SPOKANE, Wash. (AP) — Greyhound Lines Inc. will pay [scripts/homepage/home.php].2 million to settle a lawsuit over the bus line’s practice of allowing U.S. Customs and Border Protection agents to board its buses in Washington state to conduct warrantless immigration sweeps, the state attorney general said Monday. ...

ENTERTAINMENT

‘Dear Evan Hansen’ opens 2nd to ‘Shang-Chi’ at box office

“Dear Evan Hansen” may have been a hit on Broadway, but the filmed adaptation of the Tony-winning show is off to a slow start at the box office in its first weekend in theaters. The Universal musical that’s playing exclusively in theaters grossed an estimated .5 million from 3,364...

'Moulin Rouge! The Musical' sashays home with 10 Tony Awards

NEW YORK (AP) — “Moulin Rouge! The Musical,” a jukebox adaptation of Baz Luhrmann’s hyperactive 2001 movie, won the best new musical crown at the Tony Awards on a Sunday night when Broadway looked back to honor shows shuttered by COVID-19, mourn its fallen and also look forward to welcoming...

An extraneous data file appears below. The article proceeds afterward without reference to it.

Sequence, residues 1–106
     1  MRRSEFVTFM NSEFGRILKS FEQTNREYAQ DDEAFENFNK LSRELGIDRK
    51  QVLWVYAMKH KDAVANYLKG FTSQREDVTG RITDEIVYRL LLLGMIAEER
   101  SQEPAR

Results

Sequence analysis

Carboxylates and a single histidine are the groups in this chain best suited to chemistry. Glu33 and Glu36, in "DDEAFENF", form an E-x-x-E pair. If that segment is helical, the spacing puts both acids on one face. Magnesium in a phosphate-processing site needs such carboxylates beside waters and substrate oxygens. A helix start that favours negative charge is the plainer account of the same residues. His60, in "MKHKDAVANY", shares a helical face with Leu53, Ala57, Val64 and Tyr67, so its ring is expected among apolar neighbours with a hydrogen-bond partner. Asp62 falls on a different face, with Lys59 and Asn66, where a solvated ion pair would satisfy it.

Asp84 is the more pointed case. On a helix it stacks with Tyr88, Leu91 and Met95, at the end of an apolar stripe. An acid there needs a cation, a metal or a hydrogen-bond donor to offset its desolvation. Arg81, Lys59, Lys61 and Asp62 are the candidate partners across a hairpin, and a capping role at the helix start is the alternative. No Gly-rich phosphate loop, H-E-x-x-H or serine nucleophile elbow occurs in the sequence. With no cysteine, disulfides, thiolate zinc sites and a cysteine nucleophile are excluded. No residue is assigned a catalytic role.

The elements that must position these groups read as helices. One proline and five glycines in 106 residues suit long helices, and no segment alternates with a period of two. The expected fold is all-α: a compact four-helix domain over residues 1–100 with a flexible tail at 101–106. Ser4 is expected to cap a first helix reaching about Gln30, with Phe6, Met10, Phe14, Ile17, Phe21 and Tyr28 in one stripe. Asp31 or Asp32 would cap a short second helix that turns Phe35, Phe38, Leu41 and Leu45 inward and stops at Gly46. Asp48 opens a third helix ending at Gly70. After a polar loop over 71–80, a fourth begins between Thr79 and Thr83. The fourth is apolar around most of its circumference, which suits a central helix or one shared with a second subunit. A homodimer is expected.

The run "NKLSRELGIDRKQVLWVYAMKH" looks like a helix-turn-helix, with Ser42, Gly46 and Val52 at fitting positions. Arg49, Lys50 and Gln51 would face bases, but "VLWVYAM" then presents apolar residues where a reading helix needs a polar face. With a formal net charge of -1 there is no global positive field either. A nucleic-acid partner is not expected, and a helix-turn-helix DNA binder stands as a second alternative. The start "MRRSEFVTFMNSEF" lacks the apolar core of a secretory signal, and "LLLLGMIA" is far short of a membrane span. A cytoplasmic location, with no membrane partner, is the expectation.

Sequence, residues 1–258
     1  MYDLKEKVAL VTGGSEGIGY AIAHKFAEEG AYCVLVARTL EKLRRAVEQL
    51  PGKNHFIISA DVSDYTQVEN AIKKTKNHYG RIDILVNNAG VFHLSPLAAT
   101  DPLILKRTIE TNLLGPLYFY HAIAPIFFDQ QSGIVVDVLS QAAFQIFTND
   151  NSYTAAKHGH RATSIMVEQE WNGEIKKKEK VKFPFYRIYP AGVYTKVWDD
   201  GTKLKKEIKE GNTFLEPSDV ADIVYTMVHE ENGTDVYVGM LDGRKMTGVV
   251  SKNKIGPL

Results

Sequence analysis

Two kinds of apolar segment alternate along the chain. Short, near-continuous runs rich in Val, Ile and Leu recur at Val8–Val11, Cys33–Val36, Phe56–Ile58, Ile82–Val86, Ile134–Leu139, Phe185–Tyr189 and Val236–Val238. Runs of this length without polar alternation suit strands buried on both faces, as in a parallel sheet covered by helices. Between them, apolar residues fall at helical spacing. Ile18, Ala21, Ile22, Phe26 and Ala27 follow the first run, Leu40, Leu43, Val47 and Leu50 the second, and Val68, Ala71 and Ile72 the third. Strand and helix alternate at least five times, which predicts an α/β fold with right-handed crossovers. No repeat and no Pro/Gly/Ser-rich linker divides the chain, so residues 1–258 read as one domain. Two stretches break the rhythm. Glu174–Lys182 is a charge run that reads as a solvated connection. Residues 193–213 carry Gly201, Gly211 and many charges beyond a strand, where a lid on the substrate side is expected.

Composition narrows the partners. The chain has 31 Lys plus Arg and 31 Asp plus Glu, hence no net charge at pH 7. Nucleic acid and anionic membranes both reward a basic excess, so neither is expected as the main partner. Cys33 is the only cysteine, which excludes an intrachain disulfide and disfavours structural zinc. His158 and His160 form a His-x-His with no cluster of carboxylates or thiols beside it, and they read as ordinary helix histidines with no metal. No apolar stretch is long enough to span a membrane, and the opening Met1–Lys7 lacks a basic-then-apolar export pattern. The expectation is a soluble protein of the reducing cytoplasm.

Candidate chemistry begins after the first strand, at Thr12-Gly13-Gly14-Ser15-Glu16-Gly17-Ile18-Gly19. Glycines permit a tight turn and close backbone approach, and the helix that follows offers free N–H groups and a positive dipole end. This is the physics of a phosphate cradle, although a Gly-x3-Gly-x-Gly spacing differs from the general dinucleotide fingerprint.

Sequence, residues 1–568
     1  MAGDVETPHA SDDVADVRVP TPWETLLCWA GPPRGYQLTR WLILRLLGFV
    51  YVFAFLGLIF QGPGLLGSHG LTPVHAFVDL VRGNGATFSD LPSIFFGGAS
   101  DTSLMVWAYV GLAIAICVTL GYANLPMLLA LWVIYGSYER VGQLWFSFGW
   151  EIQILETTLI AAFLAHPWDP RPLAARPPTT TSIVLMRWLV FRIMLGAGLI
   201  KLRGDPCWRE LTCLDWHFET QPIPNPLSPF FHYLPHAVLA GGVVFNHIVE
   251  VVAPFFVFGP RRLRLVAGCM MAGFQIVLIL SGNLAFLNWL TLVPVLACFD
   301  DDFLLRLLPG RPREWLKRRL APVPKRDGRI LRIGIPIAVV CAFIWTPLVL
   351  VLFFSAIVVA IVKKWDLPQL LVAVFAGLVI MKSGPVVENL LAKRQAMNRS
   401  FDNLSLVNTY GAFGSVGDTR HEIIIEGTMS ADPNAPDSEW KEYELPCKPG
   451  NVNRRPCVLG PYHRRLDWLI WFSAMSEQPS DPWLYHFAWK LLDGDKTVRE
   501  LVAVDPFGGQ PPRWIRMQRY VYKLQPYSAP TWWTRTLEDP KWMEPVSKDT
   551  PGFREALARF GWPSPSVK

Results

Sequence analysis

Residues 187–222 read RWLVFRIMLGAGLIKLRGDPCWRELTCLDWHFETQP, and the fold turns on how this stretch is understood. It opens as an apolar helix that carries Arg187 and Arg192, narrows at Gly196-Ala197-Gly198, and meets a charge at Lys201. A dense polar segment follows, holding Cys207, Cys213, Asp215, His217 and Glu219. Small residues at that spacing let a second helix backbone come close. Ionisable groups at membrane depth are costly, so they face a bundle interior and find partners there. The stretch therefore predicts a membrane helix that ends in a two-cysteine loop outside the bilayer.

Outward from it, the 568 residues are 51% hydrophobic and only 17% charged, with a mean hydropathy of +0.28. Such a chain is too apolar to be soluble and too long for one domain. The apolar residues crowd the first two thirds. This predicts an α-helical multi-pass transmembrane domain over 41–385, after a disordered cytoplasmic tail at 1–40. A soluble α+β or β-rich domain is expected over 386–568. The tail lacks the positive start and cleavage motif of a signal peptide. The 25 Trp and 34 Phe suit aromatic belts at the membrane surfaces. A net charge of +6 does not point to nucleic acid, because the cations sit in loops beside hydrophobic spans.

Celebrity birthdays for the week of Oct. 3-9

Celebrity birthdays for the week of Oct. 3-9: Oct. 3: Composer Steve Reich is 85. Singer Chubby Checker is 80. Actor Alan Rachins (“Dharma and Greg”) is 79. Singer-guitarist Lindsey Buckingham of Fleetwood Mac is 72. Jazz saxophonist Ronnie Laws is 71. Blues singer Keb’...

U.S. & WORLD NEWS

Taliban issue no-shave order to barbers in Afghan province

KABUL, Afghanistan (AP) — The Taliban on Monday banned barbershops in a southern Afghanistan province from...

Facebook puts Instagram for kids on hold after pushback

Facebook is putting a hold on the development of a kids' version of Instagram, geared toward children under 13, to...

Gas blowout near Los Angeles leads to up to jumi.8B settlement